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This is the sixth volume in the series of Memorial Tributes compiled by the National Academy of Engineering as a personal remembrance of the lives and outstanding achievements of its members and foreign members. These volumes are intended to stand as an enduring record of the many contributions of engineers and engineering to the benefit of humankind. In most cases, the authors of the tributes are contemporaries or colleagues who had personal knowledge of the interests and the engineering accomplishments of the deceased.
BY JOHN W. SIMPSON
LOUIS H. RODDIS, JR., naval officer, engineer, and business executive died on September 15, 1991, in Charleston, South Carolina, at the age of seventy-three. At the time of his death he was a private energy consultant and was a director of the Detroit Edison Company, Hammermill Paper Company, Gould Inc., and Research Cottrell Inc.
Roddis was elected to the National Academy of Engineering in 1967 after a distinguished career in the U.S. Navy, the Atomic Energy Commission (AEC), and private industry.
Lou, the son of Louis Harry and Winifred Emily (Stiles) Roddis, was born in Charleston, South Carolina. He graduated from the U.S. Naval Academy in 1939, having the distinction of standing number one in his class each of the four years. Upon graduating he saw sea duty with the U.S. Navy in the Pacific and was in action at Pearl Harbor on December 7, 1941. In 1942 he was directed to take graduate studies at the Massachusetts Institute of Technology. After receiving his master of science degree in engineering, he was assigned to the Philadelphia Naval Shipyard.
After serving on Joint Task Force I, which was conducting atomic weapons tests in the Bikini Atoll, he joined the group of naval officers that included Admiral (then Captain) Rickover at the Clinton Laboratories of the Manhattan Engineer District (later the Oak Ridge National Laboratory).
He served directly under Rickover as project officer during the development, design, and construction of the nuclear powered submarines Nautilus and Sea Wolf. He played a major role in the development of those submarines as well as in the first U.S. central station nuclear plant at Shippingport, Pennsylvania. His was often a voice of calm and reason in a frequently frenetic atmosphere during the development of the nuclear engines for the Nautilus.
In 1955 he resigned as an officer in the U.S. Navy to become deputy director of the Reactor Development Division of the AEC. In this capacity he had responsibilities for both the naval and civilian reactor development programs. He helped originate the nuclear rocket project, the nuclear ship Savannah, the nuclear safety program, and the civilian power demonstration program.
In July 1958 he left the AEC to become president of Pennsylvania Electric Company, a subsidiary of General Public Utilities Corporation (GPU). In that capacity he directed the construction of the world's first 500-kilovolt transmission line, an achievement that resulted in the company receiving the Edison Award of the Edison Electric Institute in 1962.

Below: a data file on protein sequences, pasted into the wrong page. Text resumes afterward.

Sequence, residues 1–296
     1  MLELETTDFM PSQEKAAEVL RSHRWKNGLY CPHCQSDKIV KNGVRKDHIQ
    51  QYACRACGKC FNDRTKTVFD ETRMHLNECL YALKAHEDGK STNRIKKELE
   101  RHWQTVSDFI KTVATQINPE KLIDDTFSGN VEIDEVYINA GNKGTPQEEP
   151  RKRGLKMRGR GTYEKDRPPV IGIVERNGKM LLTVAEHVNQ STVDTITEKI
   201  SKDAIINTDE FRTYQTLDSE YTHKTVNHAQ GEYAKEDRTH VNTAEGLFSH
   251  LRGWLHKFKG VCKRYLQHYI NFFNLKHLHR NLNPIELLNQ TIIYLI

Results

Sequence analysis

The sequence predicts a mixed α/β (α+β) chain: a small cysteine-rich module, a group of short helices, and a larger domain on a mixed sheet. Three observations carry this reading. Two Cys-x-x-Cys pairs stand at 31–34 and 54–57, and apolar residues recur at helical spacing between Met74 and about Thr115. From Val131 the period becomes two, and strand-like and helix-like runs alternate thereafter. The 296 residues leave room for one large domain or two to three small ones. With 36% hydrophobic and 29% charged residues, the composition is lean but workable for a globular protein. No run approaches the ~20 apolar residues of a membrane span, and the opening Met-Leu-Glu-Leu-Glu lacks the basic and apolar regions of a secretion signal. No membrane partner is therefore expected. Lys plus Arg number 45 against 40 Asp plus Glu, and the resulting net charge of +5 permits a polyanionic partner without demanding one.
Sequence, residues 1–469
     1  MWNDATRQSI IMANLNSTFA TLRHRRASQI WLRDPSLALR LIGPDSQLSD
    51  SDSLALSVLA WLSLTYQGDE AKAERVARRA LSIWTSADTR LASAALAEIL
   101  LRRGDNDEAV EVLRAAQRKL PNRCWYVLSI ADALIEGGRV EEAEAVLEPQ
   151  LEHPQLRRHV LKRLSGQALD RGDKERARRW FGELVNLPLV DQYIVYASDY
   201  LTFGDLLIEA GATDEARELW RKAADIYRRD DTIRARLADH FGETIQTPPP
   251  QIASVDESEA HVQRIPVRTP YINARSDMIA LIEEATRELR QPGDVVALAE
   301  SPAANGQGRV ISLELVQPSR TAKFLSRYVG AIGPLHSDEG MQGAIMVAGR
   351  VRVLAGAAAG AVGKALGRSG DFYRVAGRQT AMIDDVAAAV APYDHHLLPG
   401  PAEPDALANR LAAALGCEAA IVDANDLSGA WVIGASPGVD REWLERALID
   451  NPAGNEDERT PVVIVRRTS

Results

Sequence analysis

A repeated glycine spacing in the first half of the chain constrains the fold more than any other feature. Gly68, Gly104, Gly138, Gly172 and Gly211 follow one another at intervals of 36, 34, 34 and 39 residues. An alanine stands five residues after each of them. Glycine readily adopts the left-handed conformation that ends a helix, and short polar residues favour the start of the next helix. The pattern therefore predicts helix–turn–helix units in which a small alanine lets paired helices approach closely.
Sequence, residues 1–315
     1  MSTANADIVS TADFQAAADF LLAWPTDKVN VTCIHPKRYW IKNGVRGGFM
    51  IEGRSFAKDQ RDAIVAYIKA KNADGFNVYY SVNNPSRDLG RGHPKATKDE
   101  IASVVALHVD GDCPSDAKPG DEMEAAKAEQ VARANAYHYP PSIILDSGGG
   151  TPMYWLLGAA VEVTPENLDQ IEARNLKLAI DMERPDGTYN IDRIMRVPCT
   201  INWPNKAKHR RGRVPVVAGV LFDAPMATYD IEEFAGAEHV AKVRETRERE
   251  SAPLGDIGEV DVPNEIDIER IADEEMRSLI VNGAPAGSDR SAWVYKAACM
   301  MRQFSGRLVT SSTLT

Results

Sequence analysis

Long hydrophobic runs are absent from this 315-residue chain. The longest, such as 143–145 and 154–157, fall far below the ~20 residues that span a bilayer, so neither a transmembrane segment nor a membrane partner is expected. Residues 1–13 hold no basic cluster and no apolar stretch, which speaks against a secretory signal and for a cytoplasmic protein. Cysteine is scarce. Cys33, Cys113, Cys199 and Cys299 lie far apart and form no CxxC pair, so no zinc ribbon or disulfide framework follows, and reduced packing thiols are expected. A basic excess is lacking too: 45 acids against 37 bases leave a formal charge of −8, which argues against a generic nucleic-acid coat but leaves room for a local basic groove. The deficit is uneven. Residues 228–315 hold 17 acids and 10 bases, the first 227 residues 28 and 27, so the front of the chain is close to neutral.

In 1967 Lou became chairman of the board of Pennsylvania Electric Company and a member of the CPU corporate staff. As director of nuclear activities, he was responsible for the development of the Oyster Creek Nuclear Plant of the Jersey Central Power and Light Company, the Three Mile Island Nuclear Plant of the Metropolitan Edison Company, the first breeder reactor plant of Pennsylvania Electric, and the Saxton Nuclear Experimental Corporation plant.
Roddis next became vice-chairman of the Board of Trustees, Consolidated Edison and then president of Consolidated Edison, a position that he held until August 1973. After leaving Consolidated Edison he became president and chief executive officer of John J. McMullen Associates, Inc., a company engaged in naval architecture and marine engineering.
After 1976 Roddis was a private energy consultant with a large and varied list of clients, including many major corporations, U.S. national laboratories, the National Security Council, the National Science Foundation, the President's Advisory Council on Energy Research and Development, and many other federal government agencies, as well as serving on the corporate boards mentioned earlier.
Lou was a fellow of the American Association for the Advancement of Science, the Royal Institute of Naval Architects, the American Society of Mechanical Engineers, and the American Nuclear Society. He also was a director of the Edison Electric Institute and the American Gas Association. He was a registered professional engineer in South Carolina, New York, Pennsylvania, New Jersey, and the District of Columbia and a chartered engineer in the United Kingdom.
He was president of the Atomic Industrial Forum from 1962 to 1964 and was elected president of the American Nuclear Society in 1969. He also was a member of the Department of Energy's Energy Research Advisory Board and its chairman for several years and chairman of the Maritime Research Advisory Board of the U.S. Department of Commerce.
In 1958 he received the Arthur S. Fleming Award in the scientific and technical field for outstanding men in government, the U.S. Atomic Energy Commission Outstanding Service Award in 1957, and the Department of Energy's Exceptional Service Award in 1984.
Lou also was a board member of a large number of civic, educational, philanthropic, environmental, and religious organizations.